The Summit Academy Curriculum

The courses in The Summit’s curriculum is integrated, unfolding from sixth grade through graduation, so that each class supports another. To carry out this integrated approach, teachers at The Summit are informed by a high view of humanity, they are logos-centric, and they recognize the importance of culture and the value of Western civilization. They believe that man is made in the image of God, that the world was created to be known, and that the great contributions of Western civilization in art, literature, poetry, mathematics, science, and philosophy can inform and inspire students to live great lives.

Upper-school classes are organized by sex and based on Socratic discussion, including in mathematics. The Summit’s courses share a single honors track, and dual enrollment is available to upperclassmen who want to challenge themselves in math and science while receiving college credits. Summit graduates who take advantage of this offering are able to graduate a semester early from Virginia schools. The Summit offers a growth-oriented curriculum for students who share a commitment to intellectual curiosity, hard work, and truth-seeking.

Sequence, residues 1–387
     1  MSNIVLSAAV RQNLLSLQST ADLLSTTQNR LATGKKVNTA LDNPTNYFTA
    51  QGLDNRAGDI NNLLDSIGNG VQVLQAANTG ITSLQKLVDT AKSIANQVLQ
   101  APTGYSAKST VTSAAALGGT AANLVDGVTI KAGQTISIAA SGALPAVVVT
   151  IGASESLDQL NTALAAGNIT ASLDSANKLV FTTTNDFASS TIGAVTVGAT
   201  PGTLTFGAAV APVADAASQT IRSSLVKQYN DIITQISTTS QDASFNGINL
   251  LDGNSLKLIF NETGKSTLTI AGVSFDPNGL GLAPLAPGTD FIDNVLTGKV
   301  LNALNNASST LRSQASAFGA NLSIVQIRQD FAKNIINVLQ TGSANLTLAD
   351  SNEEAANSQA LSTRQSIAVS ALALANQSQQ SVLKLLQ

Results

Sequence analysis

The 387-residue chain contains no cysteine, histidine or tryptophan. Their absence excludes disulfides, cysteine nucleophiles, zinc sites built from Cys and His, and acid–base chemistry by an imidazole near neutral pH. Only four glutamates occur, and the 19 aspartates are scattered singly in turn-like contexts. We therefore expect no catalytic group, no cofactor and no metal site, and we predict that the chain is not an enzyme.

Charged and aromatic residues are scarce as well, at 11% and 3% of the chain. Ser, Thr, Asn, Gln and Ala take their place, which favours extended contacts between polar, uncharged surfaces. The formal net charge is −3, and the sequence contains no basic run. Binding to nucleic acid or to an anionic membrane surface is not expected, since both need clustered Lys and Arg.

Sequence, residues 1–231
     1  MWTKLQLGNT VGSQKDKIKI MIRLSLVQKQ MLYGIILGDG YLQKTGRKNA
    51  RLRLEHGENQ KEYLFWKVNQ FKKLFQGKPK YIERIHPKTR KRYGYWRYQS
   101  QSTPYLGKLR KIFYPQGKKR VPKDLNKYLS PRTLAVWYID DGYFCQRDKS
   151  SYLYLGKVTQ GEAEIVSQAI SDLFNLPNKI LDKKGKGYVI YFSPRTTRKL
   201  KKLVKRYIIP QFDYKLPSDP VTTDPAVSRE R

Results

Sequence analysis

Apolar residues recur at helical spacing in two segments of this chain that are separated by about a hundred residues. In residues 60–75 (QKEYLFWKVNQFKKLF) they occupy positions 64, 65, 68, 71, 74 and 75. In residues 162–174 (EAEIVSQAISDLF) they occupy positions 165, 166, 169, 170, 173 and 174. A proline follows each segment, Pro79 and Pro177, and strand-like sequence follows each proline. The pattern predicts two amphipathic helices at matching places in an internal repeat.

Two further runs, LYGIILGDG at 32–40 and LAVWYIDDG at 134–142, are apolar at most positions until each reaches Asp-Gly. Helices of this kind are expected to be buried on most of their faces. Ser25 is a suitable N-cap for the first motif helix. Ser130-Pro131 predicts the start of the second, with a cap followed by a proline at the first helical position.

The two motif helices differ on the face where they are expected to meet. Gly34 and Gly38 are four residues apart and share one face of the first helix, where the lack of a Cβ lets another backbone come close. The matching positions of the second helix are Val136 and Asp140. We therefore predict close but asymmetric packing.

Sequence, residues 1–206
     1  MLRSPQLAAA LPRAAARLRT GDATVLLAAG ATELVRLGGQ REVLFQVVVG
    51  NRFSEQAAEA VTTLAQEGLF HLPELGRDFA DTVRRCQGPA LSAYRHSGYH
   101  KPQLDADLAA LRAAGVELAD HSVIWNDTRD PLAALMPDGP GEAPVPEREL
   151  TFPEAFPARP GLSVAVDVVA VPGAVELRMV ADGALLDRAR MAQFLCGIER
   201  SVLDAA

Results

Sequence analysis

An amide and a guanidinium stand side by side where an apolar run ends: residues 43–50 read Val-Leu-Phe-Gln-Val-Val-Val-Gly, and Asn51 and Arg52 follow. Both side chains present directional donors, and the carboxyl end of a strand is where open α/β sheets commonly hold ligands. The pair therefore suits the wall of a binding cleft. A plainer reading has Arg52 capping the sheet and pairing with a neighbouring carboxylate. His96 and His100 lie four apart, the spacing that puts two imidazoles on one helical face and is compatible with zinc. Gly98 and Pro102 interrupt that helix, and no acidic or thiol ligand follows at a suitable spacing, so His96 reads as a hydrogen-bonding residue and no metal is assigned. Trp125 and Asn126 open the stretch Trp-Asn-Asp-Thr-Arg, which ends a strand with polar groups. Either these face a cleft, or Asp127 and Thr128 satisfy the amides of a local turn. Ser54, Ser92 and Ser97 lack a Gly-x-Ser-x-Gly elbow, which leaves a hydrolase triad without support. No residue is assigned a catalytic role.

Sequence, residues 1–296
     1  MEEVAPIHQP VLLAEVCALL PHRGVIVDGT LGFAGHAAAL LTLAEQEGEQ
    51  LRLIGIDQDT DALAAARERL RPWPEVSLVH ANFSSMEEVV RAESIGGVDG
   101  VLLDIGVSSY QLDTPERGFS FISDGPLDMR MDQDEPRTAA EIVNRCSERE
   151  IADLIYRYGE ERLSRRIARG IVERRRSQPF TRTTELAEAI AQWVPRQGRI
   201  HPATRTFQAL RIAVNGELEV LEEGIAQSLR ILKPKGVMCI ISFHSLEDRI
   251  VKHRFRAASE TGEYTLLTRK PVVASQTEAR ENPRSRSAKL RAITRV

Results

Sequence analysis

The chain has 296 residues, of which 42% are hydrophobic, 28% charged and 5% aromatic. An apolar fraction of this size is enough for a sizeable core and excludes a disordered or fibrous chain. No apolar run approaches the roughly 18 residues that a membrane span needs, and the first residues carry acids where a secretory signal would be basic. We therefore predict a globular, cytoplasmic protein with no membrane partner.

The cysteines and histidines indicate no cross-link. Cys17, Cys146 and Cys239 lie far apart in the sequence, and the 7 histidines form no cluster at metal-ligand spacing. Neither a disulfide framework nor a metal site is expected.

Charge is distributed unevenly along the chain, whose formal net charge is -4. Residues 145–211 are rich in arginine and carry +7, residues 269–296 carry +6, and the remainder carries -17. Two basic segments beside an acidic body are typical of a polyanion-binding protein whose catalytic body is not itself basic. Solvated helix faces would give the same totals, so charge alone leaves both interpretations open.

Each year’s studies at The Summit orbit a focal period in Western history: ancient, medieval, modern, and American. In the ancient sequence, occurring in both the sixth and ninth grades, students study the Old Testament, first (in sixth) to establish familiarity with the Word of God and then (in ninth) to engage the text with the seriousness afforded by greater maturity and cultivated habits of inquiry. Sixth and ninth grade encounters with history and theology are complemented by literature: illustrative novels in sixth and the great epics, Iliad, Odyssey, and Aeneid, in ninth. Having completed a formal introduction to logic in eighth grade, Summit ninth graders also trace the origins of scientific thought in The Summit’s “Introduction to Natural Science” course, gradually discovering the antique meaning of επιστήμη (science) through a problems-based tour of the Pre-Socratic philosophers and relevant texts of Plato and Aristotle. By conducting these studies in parallel and with frequent behind-the-scenes communication between teachers, students begin to realize that their distinct classes are meant to awaken a single realization within them: they are created to know and love creation and its Creator.

Students in The Summit’s medieval sequence, occurring in the seventh and tenth grades, focus on the New Testament and the world that gradually received the Gospel. They find the Gospel reflected in the folklore of freshly converted European peoples, in the lives of their saints and teachers, and, in the tenth grade literature course, expressed with sublimity in the work of Dante.